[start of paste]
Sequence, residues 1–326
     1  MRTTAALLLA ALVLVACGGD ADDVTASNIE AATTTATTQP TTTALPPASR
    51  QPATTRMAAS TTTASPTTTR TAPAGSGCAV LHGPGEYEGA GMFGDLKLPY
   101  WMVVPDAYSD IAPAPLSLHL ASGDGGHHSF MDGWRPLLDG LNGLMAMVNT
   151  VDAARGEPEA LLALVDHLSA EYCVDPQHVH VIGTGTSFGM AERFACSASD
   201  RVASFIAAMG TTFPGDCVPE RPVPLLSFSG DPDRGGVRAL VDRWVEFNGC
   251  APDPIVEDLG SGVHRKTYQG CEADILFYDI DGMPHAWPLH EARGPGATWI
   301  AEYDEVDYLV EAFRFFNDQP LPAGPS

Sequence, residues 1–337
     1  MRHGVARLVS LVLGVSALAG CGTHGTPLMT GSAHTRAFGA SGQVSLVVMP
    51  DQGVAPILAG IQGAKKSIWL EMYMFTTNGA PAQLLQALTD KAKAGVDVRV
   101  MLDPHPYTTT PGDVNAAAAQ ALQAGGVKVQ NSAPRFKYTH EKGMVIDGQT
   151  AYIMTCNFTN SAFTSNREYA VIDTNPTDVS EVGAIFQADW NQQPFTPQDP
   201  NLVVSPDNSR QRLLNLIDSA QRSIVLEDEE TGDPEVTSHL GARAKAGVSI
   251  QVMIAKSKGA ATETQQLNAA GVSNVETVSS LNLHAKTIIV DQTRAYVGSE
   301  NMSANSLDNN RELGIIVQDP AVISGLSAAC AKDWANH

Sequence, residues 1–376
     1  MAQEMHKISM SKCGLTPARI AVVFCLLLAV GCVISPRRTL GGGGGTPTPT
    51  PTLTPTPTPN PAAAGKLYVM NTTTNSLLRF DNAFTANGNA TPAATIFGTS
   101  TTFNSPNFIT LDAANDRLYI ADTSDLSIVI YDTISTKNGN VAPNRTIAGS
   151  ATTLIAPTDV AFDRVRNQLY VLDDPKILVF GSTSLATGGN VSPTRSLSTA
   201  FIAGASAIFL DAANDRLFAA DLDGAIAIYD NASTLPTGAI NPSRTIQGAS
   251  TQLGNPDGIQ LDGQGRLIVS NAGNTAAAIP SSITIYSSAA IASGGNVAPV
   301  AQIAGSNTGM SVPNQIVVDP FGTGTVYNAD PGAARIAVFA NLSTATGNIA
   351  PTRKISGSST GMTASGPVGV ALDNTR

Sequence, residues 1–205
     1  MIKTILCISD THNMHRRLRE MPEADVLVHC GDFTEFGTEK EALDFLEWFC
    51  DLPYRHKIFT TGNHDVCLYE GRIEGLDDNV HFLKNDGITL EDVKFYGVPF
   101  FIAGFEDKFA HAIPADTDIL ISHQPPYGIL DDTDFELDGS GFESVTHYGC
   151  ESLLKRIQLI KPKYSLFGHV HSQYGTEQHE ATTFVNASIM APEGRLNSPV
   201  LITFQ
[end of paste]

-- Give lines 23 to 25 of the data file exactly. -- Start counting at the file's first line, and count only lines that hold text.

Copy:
   251  TQLGNPDGIQ LDGQGRLIVS NAGNTAAAIP SSITIYSSAA IASGGNVAPV
   301  AQIAGSNTGM SVPNQIVVDP FGTGTVYNAD PGAARIAVFA NLSTATGNIA
   351  PTRKISGSST GMTASGPVGV ALDNTR